Ash Pearson did a great job too for Here Waits Thy Doom. No easy task, since he had to fill Alexei’s Rodriguez shoes. And while Ash is perhaps not as fast or flashy as Alexei, he is a more than capable drummer. He does play in a more traditional, classic heavy/power metal fashion, but that doesn’t mean he doesn’t knows how to thrash the hell out of his kit. From time to time he’ll surprise us with quite fast double bass patterns, but even his slow, simple patterns are quite enjoyable.
Another change 3 Inches of Blood made for this album, well, is that they switched to Century Media, leaving Roadrunner, and this is most evident in the production. Here Waits Thy Doom has a true vintage feel, unlike any of their previous albums. The drums and bass sound really organic. Perhaps they wanted to move away from all the criticism they received for letting Joey Jordison produce “Fire Up the Blades”. And though personally I think Jordison work wasn’t that bad, maybe a bit too crispy and modern, this production here better suits the band, and pushes them closer to the aesthetics of their NWOBHM heroes of old.
So the songs, yeah! Well, we have a few three minute thrashing ragers, the best of which is “The Call of the Hammer”, one of the first songs released as a teaser for this album. Power/thrash straight to the jugular! Then, we also can enjoy some 4 to 5 minute metal rocking anthems; of which my favorites are the magnificent “Fierce Defender” with its charging battle riffs and the ballsy, soon-to-be metal classic “Rock in Hell”. Will you be there to rock in Hell? Well, goddamn it I will!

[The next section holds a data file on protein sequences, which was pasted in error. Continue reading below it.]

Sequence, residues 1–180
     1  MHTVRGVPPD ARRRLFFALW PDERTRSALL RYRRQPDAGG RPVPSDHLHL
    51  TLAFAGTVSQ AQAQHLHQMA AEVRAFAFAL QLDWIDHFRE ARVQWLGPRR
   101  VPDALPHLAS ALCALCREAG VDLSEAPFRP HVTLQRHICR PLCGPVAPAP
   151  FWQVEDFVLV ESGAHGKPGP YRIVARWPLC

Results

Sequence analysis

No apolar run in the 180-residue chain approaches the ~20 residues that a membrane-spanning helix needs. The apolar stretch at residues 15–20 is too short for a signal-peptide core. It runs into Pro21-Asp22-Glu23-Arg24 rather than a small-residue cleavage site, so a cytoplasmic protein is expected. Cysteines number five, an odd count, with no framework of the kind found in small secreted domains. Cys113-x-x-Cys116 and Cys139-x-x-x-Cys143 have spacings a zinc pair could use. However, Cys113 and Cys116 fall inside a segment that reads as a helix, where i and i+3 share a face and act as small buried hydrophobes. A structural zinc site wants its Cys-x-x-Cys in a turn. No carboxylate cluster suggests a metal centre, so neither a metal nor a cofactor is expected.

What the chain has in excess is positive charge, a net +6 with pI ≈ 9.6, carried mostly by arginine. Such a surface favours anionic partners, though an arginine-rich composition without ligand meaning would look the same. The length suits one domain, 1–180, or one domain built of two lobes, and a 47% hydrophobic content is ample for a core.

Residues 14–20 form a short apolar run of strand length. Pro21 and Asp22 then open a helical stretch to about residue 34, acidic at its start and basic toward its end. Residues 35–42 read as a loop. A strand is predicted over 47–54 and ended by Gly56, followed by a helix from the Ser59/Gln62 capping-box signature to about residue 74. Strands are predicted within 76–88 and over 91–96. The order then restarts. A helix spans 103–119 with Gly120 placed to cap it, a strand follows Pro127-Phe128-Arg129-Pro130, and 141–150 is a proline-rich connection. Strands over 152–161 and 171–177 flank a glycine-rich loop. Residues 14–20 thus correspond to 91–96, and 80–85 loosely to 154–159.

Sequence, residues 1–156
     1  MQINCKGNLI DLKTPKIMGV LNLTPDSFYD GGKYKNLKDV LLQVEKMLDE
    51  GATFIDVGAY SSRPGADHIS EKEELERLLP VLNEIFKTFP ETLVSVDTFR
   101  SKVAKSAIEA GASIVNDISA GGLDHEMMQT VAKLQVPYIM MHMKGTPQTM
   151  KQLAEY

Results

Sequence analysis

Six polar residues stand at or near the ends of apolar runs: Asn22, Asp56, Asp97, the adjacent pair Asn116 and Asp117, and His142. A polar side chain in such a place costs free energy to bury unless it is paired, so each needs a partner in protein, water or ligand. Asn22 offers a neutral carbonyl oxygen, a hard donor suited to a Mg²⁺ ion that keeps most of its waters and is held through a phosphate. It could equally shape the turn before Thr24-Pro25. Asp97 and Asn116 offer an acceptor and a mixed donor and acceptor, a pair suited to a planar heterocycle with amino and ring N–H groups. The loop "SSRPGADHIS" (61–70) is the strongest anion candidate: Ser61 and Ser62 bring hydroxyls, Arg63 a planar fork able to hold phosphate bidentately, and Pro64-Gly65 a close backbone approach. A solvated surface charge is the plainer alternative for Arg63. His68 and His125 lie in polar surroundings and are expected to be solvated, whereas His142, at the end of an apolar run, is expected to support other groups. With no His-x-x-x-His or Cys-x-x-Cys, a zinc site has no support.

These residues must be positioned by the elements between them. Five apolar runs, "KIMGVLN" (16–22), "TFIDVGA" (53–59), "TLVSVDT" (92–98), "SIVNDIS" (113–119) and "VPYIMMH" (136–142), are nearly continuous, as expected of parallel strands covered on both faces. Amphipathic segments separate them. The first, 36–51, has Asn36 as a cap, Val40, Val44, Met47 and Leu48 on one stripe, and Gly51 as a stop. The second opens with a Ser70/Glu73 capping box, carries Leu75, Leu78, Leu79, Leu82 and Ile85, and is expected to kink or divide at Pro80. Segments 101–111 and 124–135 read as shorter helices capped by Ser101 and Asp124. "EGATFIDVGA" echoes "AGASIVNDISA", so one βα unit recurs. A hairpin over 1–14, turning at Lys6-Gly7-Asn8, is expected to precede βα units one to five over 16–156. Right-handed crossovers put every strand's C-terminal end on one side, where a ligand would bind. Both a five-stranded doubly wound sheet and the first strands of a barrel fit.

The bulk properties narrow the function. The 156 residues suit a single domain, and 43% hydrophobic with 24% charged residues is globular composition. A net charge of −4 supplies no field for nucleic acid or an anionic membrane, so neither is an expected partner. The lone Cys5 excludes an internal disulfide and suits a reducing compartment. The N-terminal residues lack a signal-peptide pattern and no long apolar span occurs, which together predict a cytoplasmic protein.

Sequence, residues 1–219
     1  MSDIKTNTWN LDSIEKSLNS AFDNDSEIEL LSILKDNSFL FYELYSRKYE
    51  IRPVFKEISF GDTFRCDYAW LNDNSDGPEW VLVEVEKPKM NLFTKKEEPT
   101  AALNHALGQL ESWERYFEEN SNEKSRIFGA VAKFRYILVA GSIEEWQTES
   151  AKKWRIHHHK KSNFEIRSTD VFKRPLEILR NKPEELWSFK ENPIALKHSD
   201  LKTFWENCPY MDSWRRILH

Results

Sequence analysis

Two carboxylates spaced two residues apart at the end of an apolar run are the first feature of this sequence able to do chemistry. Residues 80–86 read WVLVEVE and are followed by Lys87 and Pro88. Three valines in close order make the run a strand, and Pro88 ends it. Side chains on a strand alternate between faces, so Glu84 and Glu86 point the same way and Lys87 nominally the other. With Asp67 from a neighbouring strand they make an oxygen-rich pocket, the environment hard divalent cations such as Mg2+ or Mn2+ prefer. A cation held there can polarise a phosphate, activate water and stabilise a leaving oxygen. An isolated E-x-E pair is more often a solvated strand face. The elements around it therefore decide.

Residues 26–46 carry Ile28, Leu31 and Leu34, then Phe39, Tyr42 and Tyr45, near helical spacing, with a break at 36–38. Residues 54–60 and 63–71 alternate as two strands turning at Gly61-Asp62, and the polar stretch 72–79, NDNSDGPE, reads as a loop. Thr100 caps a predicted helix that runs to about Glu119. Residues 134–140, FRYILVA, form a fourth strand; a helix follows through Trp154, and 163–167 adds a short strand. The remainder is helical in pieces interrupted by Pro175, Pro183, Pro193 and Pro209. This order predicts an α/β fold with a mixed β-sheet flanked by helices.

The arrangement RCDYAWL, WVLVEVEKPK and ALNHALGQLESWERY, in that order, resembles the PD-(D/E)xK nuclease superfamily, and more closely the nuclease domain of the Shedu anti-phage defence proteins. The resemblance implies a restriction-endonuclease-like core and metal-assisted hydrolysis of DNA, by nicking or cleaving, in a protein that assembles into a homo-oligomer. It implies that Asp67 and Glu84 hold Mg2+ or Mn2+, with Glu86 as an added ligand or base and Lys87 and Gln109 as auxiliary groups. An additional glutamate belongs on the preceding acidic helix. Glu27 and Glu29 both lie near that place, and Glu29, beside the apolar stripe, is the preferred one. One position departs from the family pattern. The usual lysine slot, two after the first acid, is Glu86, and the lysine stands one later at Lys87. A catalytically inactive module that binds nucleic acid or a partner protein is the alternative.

I also totally rock to the three “epics” of the album, “Preacher’s Daughter” with its hard rocking chorus, almost Deep Purple-esque feel, organ included (I love when this guys add an organ, like in the previous album’s “Trial of Champions”), “The Execution Tank”, the seven minute thrashing closer, and one of my 3”OB tracks, the superb “All of Them Witches”, a full-on NWOBHM worship with great vocals (including a bone-chilling Pipes Witch scream!) and melodic riffs that will be forever embedded in your brain. There’s also a brief acoustic interlude, nice but ultimately irrelevant as these interludes usually are.
Heed not the naysayers! This is pure and unadulterated metal for true metalheads that can see beyond the misleading accusations of this being “core”, “mainstream”, “a joke band” or whatever. Seek it, enjoy it, and embrace it! The High Inquisitor has decreed!